8 October 2020
Red alert - Autumn 2020 – 1 of 6 Insights
The High Court has rejected the literal interpretation of an index-based rent review clause that produced arbitrary and irrational results. In coming to its decision, the Judge helpfully restated the laws governing the interpretation of commercial contracts and confirmed that this will be based on the perspective of a reasonable third party.
In this claim, Monsolar IQ Ltd was Woden Park Ltd's tenant of bare agricultural land in the Vale of Glamorgan for a term of 25 years and six months, with a tenant's rolling break option. The rent payable under the lease was subject to review annually on each anniversary of the date of grant of the Lease, with the revised rent calculated pursuant to an index linked formula.
Read literally, the effect of the formula in the first year of the lease was to increase the rent by the RPI increase over that year. However, in the second year the rent would be increased by the RPI increase over that year and the previous year. This would continue to happen throughout the term, so that by the end of year 25, the revised rent currently payable would be further increased by the aggregate RPI increase over the first 25 years of the term, rather than the past year alone.
The tenant argued that there had been a clear mistake in the drafting of the formula. Its evidence was that the use of formula would eventually result in the rent being increased from £15,000 in Year 1 to just over £76 million by Year 25. It contended that this was never intended and that the purpose of the RPI increase was to maintain the rent in line with inflation. Had non-cumulative RPI increases applied, the tenant argued that rent in Year 25 was be expected to be £30,000, a far more reasonable figure.
The landlord's contended that the assumptions made by the tenant were incorrect and that risk was shared, as RPI can also decrease. Its modelling produced a rent of £380,660 in year 25. It argued there had been no mistake and that the resulting rent did not necessarily produce such an absurd result that an objective observer would conclude that it must be mistaken in its terms.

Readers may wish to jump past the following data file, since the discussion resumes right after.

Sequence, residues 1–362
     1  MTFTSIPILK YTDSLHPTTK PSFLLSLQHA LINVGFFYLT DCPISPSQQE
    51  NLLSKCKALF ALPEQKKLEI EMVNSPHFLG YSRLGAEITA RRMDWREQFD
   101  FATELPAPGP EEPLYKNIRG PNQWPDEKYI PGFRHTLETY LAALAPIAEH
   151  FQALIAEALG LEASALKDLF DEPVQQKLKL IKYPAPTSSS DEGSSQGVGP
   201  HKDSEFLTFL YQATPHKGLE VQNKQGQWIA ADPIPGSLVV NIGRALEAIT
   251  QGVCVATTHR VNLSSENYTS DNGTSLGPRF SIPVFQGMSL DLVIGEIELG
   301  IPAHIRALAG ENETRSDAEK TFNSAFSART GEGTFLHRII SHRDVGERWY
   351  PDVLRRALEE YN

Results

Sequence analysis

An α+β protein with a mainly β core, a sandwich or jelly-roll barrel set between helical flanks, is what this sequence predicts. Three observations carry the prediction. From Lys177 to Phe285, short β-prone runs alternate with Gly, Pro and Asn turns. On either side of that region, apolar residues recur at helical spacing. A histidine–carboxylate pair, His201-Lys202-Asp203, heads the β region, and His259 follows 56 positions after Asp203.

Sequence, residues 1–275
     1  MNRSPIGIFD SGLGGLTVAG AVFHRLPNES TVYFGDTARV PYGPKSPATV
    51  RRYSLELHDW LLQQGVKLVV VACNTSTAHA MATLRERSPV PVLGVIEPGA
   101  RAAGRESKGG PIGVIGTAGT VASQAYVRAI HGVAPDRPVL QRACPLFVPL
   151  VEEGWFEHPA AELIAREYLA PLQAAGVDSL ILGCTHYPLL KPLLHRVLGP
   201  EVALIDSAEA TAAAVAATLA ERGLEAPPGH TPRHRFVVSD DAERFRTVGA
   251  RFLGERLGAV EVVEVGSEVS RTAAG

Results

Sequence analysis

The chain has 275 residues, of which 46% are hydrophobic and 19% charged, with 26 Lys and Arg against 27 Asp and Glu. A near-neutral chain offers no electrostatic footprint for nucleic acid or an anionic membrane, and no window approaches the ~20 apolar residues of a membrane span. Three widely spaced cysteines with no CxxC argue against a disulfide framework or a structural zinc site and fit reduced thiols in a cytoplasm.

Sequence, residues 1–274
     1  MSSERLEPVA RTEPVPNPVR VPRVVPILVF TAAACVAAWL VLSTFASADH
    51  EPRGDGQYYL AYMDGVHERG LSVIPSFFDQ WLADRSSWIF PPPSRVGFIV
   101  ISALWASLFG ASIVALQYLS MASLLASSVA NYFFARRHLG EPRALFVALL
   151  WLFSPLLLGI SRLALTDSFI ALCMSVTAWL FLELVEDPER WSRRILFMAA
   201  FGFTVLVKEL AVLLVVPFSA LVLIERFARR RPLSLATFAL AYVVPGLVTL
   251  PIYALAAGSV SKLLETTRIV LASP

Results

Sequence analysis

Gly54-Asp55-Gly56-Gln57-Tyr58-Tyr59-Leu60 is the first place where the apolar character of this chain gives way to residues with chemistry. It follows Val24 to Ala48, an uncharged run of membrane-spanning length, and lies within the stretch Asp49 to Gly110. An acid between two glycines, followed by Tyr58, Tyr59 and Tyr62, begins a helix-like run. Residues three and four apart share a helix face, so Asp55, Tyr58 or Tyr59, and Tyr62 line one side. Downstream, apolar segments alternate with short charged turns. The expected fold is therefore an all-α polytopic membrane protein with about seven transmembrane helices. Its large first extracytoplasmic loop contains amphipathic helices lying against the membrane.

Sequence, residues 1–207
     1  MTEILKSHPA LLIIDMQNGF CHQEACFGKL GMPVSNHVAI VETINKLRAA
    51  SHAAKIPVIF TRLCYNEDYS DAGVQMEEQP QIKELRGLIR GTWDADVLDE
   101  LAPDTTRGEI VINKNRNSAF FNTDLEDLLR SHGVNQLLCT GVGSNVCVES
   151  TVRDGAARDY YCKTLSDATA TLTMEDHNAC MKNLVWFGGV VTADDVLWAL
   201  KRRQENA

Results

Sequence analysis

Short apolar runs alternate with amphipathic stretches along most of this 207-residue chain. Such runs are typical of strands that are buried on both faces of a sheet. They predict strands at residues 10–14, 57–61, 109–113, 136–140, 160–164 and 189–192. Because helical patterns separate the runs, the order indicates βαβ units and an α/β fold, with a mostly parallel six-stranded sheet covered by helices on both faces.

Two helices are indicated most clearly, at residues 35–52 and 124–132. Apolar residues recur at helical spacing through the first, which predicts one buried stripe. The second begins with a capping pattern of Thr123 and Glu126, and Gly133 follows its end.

The true construction of a commercial contract must be assessed from the perspective of a reasonable person who has all of the background knowledge that would reasonably have been available to the parties when the contract was entered into. The context of the contract may therefore be important. If there are two possible interpretations, the Court will likely accept the interpretation that is most consistent with business common sense.
Based on the relevant case law, the questions for the Court in this case were:
If both those conditions were satisfied, the lease would be interpreted contrary to the literal meaning of the words. If one condition is unsatisfied, then the tenant could only obtain relief through a rectification order. Interestingly, the tenant had not claimed rectification as an alternative remedy.
The Court accepted the tenant's submission that the increases in rent produced were "irrational and arbitrary", since the increases bore no relation to the increase (if any) in the index during the one year periods following each review date. The formula, taken literally, was deemed to be "wholly illogical". Although the tenant had a break option that would enable it to escape the worst of the increases, there was no sensible way to explain why a landlord would have required a rent review clause to be drafted in these terms.
Having concluded that there was a clear mistake in the drafting, the Court then reviewed what the true meaning of the clause should be. In doing so, the Judge reviewed the language used and concluded that the RPI increases were intended to apply to the reviewed rent each year, rather than to the initial rent, thereby enabling the rent to be compounded each year. The Court held that, unlike in other similar cases, there were no other credible conclusions to reach.
Given how prevalent issues with this type of clause have been, many tenants will no doubt seek to rely on this case as a means to escape unaffordable provisions. However, the circumstances and context of each case will always differ, so this may not be the last we see of these disputes coming to Court.
by Multiple authors